6. The mounting assembly of claim 1, wherein the plunger defines a cavity sized to receive a portion of the biasing member.
7. The mounting assembly of claim 1, wherein the plunger is configured to move in a substantially vertical direction.
8. A method for mounting an object to a wall of a structure, the method comprising: providing a mounting device coupled to the object, the mounting device including a main body defining a space, a plunger disposed within the space and configured to move within the space, and a biasing member coupled to and biasing the plunger; mounting a strip on the wall of the structure; and positioning the object against the wall so that the plunger engages the strip, wherein the object is a mantel.
9. The method of claim 8, wherein the step of positioning further comprises allowing legs of the mantel to contact a floor of the structure.
10. The method of claim 9, wherein the step of providing further comprises setting a tolerance of the mounting device such that the biasing member allows the legs of the mantel to contact the floor of the structure.
Description
RELATED APPLICATION

This application claims the benefit of U.S. Patent Provisional Application Ser. No. 60/405,619, filed Aug. 22, 2002, which is incorporated by reference herein in its entirety.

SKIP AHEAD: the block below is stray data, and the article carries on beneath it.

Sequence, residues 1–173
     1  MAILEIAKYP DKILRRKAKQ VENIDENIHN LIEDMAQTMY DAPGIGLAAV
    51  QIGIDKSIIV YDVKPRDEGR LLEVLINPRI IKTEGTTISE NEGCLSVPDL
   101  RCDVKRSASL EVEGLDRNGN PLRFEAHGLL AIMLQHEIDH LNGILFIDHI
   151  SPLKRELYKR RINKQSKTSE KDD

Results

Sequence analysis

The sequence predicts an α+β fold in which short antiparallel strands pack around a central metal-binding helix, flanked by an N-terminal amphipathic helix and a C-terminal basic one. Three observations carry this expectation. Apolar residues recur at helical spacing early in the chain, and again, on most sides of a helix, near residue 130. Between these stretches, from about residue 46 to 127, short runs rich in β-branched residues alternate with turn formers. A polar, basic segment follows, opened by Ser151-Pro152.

FIELD OF THE INVENTION

This invention relates to mounting devices and, in particular, to assemblies and methods for mounting a fireplace mantel.

BACKGROUND

Many objects, such as mantels for fireplaces, are mounted on walls. Mantels (including what are typically described as surrounds) are used on fireplaces for both decorative and functional effects. For functional use, mantels typically are used for storage or displaying of objects. Mantels can also enhance the aesthetic appearance of a fireplace.

Installation of fireplace mantels can be a difficult task. One of the most difficult aspects of installation of a mantel is attachment of the mantel to a wall of a structure in a manner that does minimal damage to the appearance or function of the mantel and yet is suitably secured to the wall.

One common method of installing a mantel is to nail or screw the mantel to the wall in several locations, such as nailing diagonally down through the top into the wall, through various points on the legs, or by breaking off part of the dentil molding or other molding on face of mantel, nailing in the area of the molding footprint, and then re-gluing the molding to the mantel.